On the day after the aspiration, the patient was started empirically on anti-TB treatment with Rifater (isoniazid 50 mg/pyrazinamide 300 mg/rifampicin 120 mg) five tablets daily, before a microbiological diagnosis was obtained. Four weeks later the abscess cavity filled up again, which on this occasion was treated by incision and drainage obtaining 50 ml of pus. She made satisfactory progress with her established anti-TB treatment (Rifater tablets) as supported by her erythrocyte sedimentation rate decreasing to 21 mm 1st h within one month together with resolution of the lump and the pain.
Common causes of pyomyositis are streptococci and staphylococci. Muscular TB is very uncommon. Search of Medline and Embase found few documented cases of TB myositis.4-8Reported associations of this type of abscess include systemic lupus erythematosus, dermatomyositis, leukaemia and renal transplant recipients.6-9 In approximately 15% of patients without HIV infections TB occurs at extrapulmonary sites, whereas this is seen in 40% of patients who are HIV positive.10 Tuberculosis has been shown to occur earlier in the course of HIV infection than other opportunistic infections, for example, Pneumocystis carinii. Indeed, TB may be the first manifestation of HIV infection.11
History of TB infection or exposure to it, may or may not be present. Evidence of concurrent active intra-thoracic TB is present in less than 50% of cases.12 Initial chest radiographs may be helpful in the diagnosis, but in many, further radiological investigations such as computed tomography13 14 or magnetic resonance imaging will be required as was necessary in our patient. Imaging can facilitate earlier diagnosis when disease is still muscular before bony involvement occurs. Despite all these investigations, microbiological confirmation of tuberculous bacillus is mandatory from the aspiration of the abscess. Treatment of this type of infection in the United Kingdom at present is with Rifater (isoniazid/pyrazinamide/rifampicin) for two months then followed by either Rifinah or Rimactazid, which contain rifampicin/isoniazid, given by mouth for a further four months.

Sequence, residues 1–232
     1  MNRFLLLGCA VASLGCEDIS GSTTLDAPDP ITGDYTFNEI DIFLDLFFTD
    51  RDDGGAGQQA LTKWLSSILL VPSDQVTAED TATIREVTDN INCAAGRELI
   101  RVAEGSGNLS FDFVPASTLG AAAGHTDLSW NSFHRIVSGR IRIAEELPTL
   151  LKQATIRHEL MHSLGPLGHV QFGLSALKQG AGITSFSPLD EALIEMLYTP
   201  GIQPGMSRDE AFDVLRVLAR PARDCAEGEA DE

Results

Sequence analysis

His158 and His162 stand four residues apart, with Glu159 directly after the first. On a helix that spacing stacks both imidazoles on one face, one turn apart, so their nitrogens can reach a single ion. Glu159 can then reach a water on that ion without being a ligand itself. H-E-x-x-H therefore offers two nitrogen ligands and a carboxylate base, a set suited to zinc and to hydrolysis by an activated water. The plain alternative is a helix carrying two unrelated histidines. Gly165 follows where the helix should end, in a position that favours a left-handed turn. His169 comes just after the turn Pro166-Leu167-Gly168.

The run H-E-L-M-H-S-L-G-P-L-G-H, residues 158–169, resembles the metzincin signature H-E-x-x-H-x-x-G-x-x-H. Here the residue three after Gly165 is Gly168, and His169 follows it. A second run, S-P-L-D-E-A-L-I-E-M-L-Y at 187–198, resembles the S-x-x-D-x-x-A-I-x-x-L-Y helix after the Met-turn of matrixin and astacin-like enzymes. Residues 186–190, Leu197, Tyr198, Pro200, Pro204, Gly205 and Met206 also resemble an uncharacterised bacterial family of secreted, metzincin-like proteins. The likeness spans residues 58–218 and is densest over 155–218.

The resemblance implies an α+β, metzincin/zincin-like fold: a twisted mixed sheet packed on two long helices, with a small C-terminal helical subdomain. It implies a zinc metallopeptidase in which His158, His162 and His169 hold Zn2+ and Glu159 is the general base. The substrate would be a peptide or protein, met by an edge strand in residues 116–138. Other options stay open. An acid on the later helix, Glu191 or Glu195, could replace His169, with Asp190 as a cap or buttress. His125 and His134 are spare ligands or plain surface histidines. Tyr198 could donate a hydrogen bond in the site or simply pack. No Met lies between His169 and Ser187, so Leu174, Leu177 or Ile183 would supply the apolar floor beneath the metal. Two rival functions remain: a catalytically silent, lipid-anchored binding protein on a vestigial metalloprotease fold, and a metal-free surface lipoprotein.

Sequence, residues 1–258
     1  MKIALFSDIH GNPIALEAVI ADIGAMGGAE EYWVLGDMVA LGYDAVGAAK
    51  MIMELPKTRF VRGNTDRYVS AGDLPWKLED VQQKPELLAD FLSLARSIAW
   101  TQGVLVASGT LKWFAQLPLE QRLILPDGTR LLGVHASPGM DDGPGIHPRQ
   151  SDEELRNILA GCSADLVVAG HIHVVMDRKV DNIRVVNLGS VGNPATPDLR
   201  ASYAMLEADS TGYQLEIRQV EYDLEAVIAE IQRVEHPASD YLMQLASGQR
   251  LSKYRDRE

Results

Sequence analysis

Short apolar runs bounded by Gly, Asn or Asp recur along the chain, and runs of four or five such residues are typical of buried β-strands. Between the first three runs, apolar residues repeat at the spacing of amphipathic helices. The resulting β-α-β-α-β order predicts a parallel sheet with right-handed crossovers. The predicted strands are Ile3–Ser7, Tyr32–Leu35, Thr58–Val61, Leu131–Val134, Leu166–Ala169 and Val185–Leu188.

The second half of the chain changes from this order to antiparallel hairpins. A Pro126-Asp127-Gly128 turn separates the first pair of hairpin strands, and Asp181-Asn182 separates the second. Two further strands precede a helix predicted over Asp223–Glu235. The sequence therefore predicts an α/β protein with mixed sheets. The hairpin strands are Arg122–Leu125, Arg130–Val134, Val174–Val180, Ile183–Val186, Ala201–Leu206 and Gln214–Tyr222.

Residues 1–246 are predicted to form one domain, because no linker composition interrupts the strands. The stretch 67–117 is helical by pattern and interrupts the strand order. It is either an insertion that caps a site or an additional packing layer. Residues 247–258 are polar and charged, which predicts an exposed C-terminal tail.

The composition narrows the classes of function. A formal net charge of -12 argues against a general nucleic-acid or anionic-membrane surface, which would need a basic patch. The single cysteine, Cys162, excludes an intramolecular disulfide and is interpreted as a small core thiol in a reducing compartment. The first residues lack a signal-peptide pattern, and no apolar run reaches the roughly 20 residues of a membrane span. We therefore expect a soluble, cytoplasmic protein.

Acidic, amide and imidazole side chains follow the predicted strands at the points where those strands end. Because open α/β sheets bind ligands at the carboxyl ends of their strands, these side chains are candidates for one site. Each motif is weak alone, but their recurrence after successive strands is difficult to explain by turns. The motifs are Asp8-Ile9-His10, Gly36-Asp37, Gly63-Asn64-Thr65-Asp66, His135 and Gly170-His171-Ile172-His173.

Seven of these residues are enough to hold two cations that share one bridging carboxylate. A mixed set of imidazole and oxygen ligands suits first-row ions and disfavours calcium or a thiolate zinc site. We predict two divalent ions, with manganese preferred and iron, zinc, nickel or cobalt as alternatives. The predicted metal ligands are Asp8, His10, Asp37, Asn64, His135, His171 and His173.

One should have a higher index of suspicion of TB even in uncommon sites like muscle, in patients from ethnic groups predisposed to this infection.15 In patients with no history of contact of TB, various conditions, for example, HIV, corticosteroid therapy, connective tissue disorders, diabetes and blood dyscrasias should be considered as a predisposing cause.
The Heaf test despite its diagnostic role in many patients, was unhelpful in this case. Negative Heaf test results, are usually attributable to faulty technique, overwhelming infection, sarcoidosis or immunosuppressive therapy. In the absence of the last three mentioned conditions, faulty technique was the most likely cause of the negative response in our patient. However, more significantly, mycobacterium tuberculosis was confirmed on the culture of the aspirated pus and thus the diagnosis of TB pyomyositis was reached.
Inspection and palpation may reveal vital clues in the diagnosis of the cause of backache.
A high index of suspicion of TB, even in unusual sites, is required in patients from certain ethnic groups.
Tuberculous pyomyositis, while rare, can be expected to be seen more frequently because of increasing incidence of TB world wide.
We thank Dr J Mann, Consultant Chest Physician and Mr A M Fraser, Consultant Orthopaedic Surgeon for their help in the management of our patient.